The global shipping industry has spoken out strongly against concerted US legal moves to tackle what American politicians see as cartel behaviour on the back of pandemic-fuelled supply disruption.
The White House is concerned that, since the beginning of the pandemic, ocean carrier companies have been dramatically increasing shipping costs through rate increases and fees.
But the US has gone way beyond strong words, and towards strong action, by revealing that the US Department of Justice (DoJ) and the Federal Maritime Commission (FMC) will work together to crack down on ocean freight firms.
President Joe Biden used his recent State of the Nation address to turn the spotlight on the international shipping giants. “Three global shipping alliances, made up entirely of foreign companies, control almost all of ocean freight shipping, giving them power to raise prices for American businesses and consumers, while threatening our national security and economic competitiveness,” Biden said.
Shipping alliances account for 80% of traffic
The alliances to whom Biden was referring are 2M, Ocean Alliance, and The Alliance. According to the Organisation for Economic Co-operation and Development (OECD), these alliances account for 80% of all global container ship capacity - up from 30% as recently as 2011. They also account for 95% of east-west trade routes.
Responding to the “planned attack” on ocean carriers, the World Shipping Council (WSC) said: “It is unfortunate that President Biden is demonising ocean carriers, the industry that is the backbone of the US and global economy and that has been working around the clock through the pandemic to move more cargo than at any time in history."
The WSC is the primary industry trade association representing the international liner shipping industry. Most liner carriers are container shipping lines.
Allegations that the container shipping industry is highly concentrated and uncompetitive are “factually incorrect,” the WSC added.
But is this really true? The numbers would suggest not. In 2021 the global shipping-carriers industry reported profits of US$190bn, a figure five times higher than for the entire period from 2010 to 2020.
Ocean shippers are also charging cargo owners who fail to move their goods off their vessels, despite ports being so congested that the huge traffic jams of container ships are visible from space.
And on average, operating margins from the major carriers jumped from 3.7% pre-pandemic, to the 56% we see today. A White House fact sheet ties these record profits to the deregulation and the ocean shippers’ resulting ability to form cartels.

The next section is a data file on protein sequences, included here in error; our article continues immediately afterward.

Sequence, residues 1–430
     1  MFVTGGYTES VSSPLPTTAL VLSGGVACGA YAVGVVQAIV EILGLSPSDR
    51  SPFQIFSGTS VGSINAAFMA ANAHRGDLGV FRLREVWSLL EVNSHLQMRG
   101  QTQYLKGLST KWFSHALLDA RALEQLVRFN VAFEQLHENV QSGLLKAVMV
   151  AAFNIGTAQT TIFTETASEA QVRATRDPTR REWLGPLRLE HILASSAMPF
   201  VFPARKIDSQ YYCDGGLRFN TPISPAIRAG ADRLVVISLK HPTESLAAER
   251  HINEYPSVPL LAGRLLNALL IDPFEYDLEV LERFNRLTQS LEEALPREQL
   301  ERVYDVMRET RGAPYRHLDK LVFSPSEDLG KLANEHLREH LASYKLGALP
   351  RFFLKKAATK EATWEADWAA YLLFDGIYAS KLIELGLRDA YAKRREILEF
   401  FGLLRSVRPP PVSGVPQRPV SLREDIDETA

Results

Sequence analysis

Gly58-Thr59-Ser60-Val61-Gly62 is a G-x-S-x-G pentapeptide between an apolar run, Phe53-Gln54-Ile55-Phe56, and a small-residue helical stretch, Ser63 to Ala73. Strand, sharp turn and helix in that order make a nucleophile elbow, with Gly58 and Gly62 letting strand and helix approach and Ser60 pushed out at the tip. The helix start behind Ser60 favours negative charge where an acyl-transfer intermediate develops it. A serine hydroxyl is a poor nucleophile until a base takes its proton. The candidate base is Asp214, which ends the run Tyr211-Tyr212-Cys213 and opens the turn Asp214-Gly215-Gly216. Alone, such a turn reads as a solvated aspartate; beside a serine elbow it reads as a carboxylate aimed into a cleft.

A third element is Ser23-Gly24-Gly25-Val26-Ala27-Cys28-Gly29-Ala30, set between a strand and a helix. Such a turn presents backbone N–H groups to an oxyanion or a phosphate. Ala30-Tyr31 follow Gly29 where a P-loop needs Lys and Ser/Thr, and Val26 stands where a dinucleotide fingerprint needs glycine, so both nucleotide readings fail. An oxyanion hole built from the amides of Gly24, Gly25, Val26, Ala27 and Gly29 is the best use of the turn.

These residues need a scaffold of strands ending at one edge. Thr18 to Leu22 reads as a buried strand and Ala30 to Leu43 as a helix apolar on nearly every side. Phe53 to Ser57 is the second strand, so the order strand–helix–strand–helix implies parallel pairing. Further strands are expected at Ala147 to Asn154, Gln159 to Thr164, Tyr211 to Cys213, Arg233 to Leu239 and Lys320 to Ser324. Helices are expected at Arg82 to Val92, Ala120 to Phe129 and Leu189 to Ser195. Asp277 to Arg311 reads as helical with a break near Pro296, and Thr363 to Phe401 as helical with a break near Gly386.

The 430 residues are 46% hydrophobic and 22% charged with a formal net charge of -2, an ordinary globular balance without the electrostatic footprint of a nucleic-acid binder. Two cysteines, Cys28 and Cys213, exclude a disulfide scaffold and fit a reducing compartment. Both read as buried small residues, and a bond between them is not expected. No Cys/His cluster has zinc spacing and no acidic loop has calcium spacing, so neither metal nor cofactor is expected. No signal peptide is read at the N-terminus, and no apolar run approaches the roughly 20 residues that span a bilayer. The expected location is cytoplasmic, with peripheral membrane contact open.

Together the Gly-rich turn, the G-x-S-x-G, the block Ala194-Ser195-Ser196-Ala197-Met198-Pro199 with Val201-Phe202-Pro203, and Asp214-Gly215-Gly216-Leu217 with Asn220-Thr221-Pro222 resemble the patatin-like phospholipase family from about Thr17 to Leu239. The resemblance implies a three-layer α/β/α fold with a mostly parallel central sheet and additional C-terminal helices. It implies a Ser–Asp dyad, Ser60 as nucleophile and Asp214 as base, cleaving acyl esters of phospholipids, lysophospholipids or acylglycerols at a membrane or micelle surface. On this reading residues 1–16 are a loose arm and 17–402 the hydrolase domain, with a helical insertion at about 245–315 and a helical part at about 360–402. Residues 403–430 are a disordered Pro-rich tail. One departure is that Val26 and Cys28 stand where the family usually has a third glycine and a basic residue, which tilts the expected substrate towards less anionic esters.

To understand the backdrop to this war of words between the US government and the shipping carriers you have to go back almost 40 years, to the deregulation of ocean transportation. This was carried out by the passing of two US acts: the 1984 Ocean Shipping Act and the Ocean Shipping Reform Act of 1998.
The Acts saw a shift away from public tariffs and publicly available contract rates to confidential rates using individually negotiated service contracts. Crucially, deregulation also meant the carriers were exempt from any antitrust action.
This exemption made sense at the time, as it allowed for alliances that could ensure an exporter had the ability to use one of several carriers to get its goods transported.
Pandemic led to sea freight cash bonanza
But with the pandemic, that same antitrust immunity is exactly what has led to the $190 billion profits bonanza.
The US government has now once more turned to the law to tackle what it sees as anti-competitive behaviour on the part of the shipping lines.
In July last year the US House of Representatives passed the 2021 Ocean Shipping Reform Act (OSRA), which is designed to give the US Federal Maritime Commission (FMC) more power to “protect exporters, importers, and consumers from unfair practices”, the White House has said.
OSRA is designed to increase America’s competitiveness with foreign-flagged ocean carriers who the White House says “are not playing fairly because accountability is long overdue”.
The Act was passed with a strong majority last December and could pass Congress as part of a competitiveness bill currently being negotiated.
If the competitiveness bill passes it would bolster the FMC’s investigative authority and allow it to impose minimum service standards on shipping contracts that third parties could use to challenge the terms being offered.
The bill would also require ocean carriers to accept cargo if it can be loaded into their containers, rather than returning to Asia with empties.
‘If you want to do business with American ports, you need to play by our rules,’ is the US position. The Biden administration insists that the bill puts American consumers, farmers, retailers, truckers, manufacturers, and small businesses first.
Not surprisingly, the shipping industry has been lobbying hard against the bill.
Who will come out on top is anyone’s guess. The US is attempting to regulate a global industry that has been allowed to operate with the lightest of regulatory touches for decades. The battle is just beginning, and it could get heated and messy.